NamingEdit

This minor planet was named after Jack Wisdom (born 1953), a dynamicist and professor of planetary sciences at MIT. Wisdom pioneered in the study of the dynamics and long-term stability of the Solar System, and demonstrated the dynamical mechanism for the clearing of asteroid in the Kirkwood gaps of the asteroid belt.[2] The official naming citation was published by the Minor Planet Center on 2 February 1988 (M.P.C. 12803).[11]

NotesEdit

  1. ^ a b c Pravec October (2006) web: lightcurve plot of (3402) Wisdom, with a rotation period 4.9951±0.0001 hours with a brightness amplitude of 0.74±0.02 mag. Quality Code of 3. Observation in the R-band. Absolute magnitude of 14.85±0.11. Summary figures at LCDB and Ondrejov Asteroid Photometry Project (see data sheet)

ReferencesEdit

  1. ^ a b c d e "JPL Small-Body Database Browser: 3402 Wisdom (1981 PB)" (2018-04-24 last obs.). Jet Propulsion Laboratory. Retrieved 14 May 2018.
  2. ^ a b c Schmadel, Lutz D. (2007). "(3402) Wisdom". Dictionary of Minor Planet Names – (3402) Wisdom. Springer Berlin Heidelberg. pp. 283–284. doi:10.1007/978-3-540-29925-7_3402. ISBN 978-3-540-00238-3.
  3. ^ a b c "3402 Wisdom (1981 PB)". Minor Planet Center. Retrieved 26 October 2017.
  4. ^ a b c d e f g h "LCDB Data for (3402) Wisdom". Asteroid Lightcurve Database (LCDB). Retrieved 26 October 2017.
  5. ^ a b c d Nugent, C. R.; Mainzer, A.; Bauer, J.; Cutri, R. M.; Kramer, E. A.; Grav, T.; et al. (September 2016). "NEOWISE Reactivation Mission Year Two: Asteroid Diameters and Albedos". The Astronomical Journal. 152 (3): 12. arXiv:1606.08923. Bibcode:2016AJ....152...63N. doi:10.3847/0004-6256/152/3/63.
  6. ^ a b c d Alí-Lagoa, V.; Delbo', M. (July 2017). "Sizes and albedos of Mars-crossing asteroids from WISE/NEOWISE data". Astronomy and Astrophysics. 603: 8. arXiv:1705.10263. Bibcode:2017A&A...603A..55A. doi:10.1051/0004-6361/201629917.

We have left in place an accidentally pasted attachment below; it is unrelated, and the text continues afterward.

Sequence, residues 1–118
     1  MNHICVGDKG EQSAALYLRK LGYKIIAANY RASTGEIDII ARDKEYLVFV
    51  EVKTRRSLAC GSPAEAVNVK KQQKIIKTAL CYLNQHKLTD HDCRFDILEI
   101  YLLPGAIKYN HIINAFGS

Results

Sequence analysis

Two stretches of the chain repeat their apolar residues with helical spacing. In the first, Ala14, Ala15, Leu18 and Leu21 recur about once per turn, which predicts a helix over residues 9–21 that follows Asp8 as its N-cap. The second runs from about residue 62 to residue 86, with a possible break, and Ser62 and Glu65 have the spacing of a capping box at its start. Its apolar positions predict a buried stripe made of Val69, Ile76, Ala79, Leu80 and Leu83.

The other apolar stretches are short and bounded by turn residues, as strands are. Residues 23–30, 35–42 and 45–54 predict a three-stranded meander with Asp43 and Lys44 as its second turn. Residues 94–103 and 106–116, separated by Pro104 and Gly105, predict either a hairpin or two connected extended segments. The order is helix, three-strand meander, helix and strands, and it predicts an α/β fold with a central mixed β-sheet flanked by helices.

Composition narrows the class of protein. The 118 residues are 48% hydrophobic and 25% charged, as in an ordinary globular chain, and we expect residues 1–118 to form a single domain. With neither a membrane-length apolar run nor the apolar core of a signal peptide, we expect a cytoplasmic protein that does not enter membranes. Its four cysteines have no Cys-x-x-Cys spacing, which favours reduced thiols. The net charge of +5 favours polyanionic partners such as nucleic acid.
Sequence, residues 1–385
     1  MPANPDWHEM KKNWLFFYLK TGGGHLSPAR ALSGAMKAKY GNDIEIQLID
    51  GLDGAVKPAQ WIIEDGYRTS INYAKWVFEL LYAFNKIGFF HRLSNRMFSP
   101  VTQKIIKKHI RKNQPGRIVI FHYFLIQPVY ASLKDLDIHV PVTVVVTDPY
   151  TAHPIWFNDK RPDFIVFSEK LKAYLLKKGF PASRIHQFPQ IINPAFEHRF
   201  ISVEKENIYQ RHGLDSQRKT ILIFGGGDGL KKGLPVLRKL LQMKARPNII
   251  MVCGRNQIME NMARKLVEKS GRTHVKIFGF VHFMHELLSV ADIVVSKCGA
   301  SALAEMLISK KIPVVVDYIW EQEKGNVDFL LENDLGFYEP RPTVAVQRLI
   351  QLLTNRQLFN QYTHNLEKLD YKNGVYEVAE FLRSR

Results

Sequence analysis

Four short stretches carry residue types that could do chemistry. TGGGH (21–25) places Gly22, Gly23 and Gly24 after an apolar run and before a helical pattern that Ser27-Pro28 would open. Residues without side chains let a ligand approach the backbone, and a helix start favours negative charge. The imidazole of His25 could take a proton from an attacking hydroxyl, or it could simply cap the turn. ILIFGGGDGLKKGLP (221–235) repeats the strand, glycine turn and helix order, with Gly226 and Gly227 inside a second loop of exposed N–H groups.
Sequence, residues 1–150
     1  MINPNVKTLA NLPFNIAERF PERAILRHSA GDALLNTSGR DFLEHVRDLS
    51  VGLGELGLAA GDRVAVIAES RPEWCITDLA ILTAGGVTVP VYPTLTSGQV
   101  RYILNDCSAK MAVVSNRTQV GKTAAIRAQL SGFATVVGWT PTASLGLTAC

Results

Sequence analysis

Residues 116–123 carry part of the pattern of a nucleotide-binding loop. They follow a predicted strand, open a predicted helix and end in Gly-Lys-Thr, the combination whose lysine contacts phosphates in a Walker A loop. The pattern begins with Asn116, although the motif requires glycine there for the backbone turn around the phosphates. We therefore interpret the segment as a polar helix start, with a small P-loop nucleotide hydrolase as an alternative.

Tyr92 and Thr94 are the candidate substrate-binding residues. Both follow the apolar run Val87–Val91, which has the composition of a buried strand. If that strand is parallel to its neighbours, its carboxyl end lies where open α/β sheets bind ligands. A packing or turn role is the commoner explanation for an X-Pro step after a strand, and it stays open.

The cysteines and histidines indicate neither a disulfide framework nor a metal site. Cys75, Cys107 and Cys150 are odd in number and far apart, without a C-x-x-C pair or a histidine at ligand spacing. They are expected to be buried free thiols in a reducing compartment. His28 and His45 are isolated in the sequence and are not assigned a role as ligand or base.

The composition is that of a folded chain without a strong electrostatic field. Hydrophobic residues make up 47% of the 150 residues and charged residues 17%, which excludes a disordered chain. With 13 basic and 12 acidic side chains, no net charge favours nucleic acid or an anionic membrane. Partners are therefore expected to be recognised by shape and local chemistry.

7. ^ a b Pray, Donald P.; Kusnirak, Peter; Galad, Adrian; Vilagi, Jozef; Kornos, Leos; Gajdos, Stefan; et al. (June 2007). "Lightcurve Analysis of Asteroids 2006 BQ6, 2942, 2943 3402, 3533, 6497, 6815, 7033, 12336, and 14211". The Minor Planet Bulletin. 34 (2): 44–46. Bibcode:2007MPBu...34...44P. ISSN 1052-8091. Retrieved 26 October 2017.
  8. ^ Veres, Peter; Jedicke, Robert; Fitzsimmons, Alan; Denneau, Larry; Granvik, Mikael; Bolin, Bryce; et al. (November 2015). "Absolute magnitudes and slope parameters for 250,000 asteroids observed by Pan-STARRS PS1 - Preliminary results". Icarus. 261: 34–47. arXiv:1506.00762. Bibcode:2015Icar..261...34V. doi:10.1016/j.icarus.2015.08.007. Retrieved 26 October 2017.
  9. ^ Pravec, Petr; Harris, Alan W.; Kusnirák, Peter; Galád, Adrián; Hornoch, Kamil (September 2012). "Absolute magnitudes of asteroids and a revision of asteroid albedo estimates from WISE thermal observations". Icarus. 221 (1): 365–387. Bibcode:2012Icar..221..365P. doi:10.1016/j.icarus.2012.07.026. Retrieved 26 October 2017.
  10. ^ Steel, D. I. (August 1985). "Collisions in the solar systems. II - Asteroid impacts upon Mars". Monthly Notices of the Royal Astronomical Society. 215 (3): 369–381. Bibcode:1985MNRAS.215..369S. doi:10.1093/mnras/215.3.369. ISSN 0035-8711. Retrieved 26 October 2017.
  11. ^ "MPC/MPO/MPS Archive". Minor Planet Center. Retrieved 26 October 2017.

External linksEdit